ICO says business not ready for EU data protection reforms
15th May 2013 | 13:58
Information Commissioners Office research finds low understanding among UK businesses
Many businesses don't understand what will be expected of them to comply with the EU's reforms of data protection laws, according to a report by the Information Commissioners Office (ICO).
Consultancy firm London Economics, which surveyed 560 UK businesses on behalf of the ICO in January, found that 40% of companies do not understand any of the 10 main provisions being proposed.
Moreover, most respondents (82%) are in the dark over how much they currently spend on data protection, and 87% could not estimate the likely costs of the EU's draft proposals to their business.
The EU is proposing to replace the current 18 year-old patchwork approach to data protection legislation with a single law on data handling, with which every member state would have to comply. This could have a significant effect on how companies of all sizes handle information on their customers.
The report says that the proposals could cost small and midsized businesses an average of £76,000 annually, which translates to £47 billion per year to UK business as a whole.
It says a particular concern for SMBs will be "conditions for consent", under which businesses will have to prove that the consumer gave consent for their personal data to be stored. The costs of printing, storing and, if asked, producing hard copies would be considerable.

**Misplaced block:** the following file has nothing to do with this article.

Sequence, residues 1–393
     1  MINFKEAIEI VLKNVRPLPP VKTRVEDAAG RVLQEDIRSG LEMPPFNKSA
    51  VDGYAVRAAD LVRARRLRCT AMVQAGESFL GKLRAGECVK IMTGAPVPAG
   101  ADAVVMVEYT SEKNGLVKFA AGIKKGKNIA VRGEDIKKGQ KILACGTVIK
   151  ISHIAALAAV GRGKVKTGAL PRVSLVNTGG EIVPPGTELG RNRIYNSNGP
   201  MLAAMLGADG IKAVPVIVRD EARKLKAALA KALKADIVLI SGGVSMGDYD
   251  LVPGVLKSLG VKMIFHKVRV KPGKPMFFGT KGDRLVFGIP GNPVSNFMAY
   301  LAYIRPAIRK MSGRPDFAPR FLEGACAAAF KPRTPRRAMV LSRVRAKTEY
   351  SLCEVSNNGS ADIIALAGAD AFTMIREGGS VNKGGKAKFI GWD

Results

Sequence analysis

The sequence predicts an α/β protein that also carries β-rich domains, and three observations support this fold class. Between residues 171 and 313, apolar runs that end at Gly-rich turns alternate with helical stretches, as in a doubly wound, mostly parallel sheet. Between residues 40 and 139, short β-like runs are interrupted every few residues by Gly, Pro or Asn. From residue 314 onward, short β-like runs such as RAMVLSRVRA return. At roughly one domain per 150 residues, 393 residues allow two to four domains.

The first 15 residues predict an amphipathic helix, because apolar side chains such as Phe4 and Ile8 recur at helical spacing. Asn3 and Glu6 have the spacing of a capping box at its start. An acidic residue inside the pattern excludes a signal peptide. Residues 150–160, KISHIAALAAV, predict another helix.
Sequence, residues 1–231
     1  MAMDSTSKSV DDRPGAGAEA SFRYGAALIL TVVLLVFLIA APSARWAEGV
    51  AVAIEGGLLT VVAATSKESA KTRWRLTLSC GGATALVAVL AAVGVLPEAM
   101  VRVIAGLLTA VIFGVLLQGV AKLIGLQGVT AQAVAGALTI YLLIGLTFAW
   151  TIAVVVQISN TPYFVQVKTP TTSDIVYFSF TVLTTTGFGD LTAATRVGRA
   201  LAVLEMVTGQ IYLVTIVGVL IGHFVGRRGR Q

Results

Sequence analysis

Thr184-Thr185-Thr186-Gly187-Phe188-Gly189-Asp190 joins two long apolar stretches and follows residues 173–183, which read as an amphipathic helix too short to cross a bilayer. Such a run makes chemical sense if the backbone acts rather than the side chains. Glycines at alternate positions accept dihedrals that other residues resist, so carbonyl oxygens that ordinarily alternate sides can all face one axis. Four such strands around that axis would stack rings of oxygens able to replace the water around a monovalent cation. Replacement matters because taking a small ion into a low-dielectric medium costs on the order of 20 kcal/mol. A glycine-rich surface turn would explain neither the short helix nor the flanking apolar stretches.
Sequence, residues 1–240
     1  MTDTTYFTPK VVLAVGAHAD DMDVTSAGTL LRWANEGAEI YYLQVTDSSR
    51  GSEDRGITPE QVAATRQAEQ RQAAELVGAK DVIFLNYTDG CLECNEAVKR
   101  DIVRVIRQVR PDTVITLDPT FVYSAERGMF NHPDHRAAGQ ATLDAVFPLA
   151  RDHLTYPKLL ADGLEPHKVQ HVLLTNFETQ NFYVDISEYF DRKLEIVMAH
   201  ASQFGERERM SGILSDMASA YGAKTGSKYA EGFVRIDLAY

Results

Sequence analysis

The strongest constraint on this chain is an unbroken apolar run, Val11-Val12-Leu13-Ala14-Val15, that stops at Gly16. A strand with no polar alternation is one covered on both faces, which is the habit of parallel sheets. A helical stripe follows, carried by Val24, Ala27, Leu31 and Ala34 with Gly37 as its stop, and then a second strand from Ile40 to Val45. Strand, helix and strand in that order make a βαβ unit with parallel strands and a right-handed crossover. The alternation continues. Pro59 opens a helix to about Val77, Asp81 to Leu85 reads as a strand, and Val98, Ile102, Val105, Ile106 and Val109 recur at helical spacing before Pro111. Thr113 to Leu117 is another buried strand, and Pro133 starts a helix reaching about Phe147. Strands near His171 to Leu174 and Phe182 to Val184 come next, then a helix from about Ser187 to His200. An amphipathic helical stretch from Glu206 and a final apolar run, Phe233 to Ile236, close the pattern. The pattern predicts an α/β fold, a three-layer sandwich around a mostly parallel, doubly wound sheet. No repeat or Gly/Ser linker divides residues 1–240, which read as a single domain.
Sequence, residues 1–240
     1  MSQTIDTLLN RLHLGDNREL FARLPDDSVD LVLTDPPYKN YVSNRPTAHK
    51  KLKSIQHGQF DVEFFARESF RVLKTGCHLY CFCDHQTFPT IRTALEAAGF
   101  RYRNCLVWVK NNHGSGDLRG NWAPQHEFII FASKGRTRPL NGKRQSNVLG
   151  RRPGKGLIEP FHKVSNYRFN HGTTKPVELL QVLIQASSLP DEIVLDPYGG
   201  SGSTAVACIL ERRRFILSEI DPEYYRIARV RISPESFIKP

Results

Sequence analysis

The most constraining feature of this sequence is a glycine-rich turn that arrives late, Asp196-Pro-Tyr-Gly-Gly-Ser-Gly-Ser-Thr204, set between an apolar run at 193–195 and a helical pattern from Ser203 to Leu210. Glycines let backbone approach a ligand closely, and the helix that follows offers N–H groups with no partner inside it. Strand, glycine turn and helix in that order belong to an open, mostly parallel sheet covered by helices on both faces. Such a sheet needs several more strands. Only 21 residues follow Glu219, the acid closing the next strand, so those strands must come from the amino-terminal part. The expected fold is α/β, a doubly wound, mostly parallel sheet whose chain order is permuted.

Savings and costs
The European Commission claims the reforms will save the European economy €2.3 billion per year, but the UK's Ministry of Justice has estimated that they will cost UK businesses up to £320 million annually.
An ICO spokesman told TRPro that it was too soon to assess whether the EU's data directive will have a disproportionately negative impact on small businesses.
Information Commissioner Christopher Graham said: "Few people I've spoken to disagree with the need for an updated European data protection law to better meet the challenges of the 21st century."
He added: "But to deliver real improvements, it's crucial that legislation is developed that better reflects the way personal information is used today and will be used in the future.
"There has been much talk of 'what is best for business', but that must be based on valid evidence. This reform is too important for guesswork."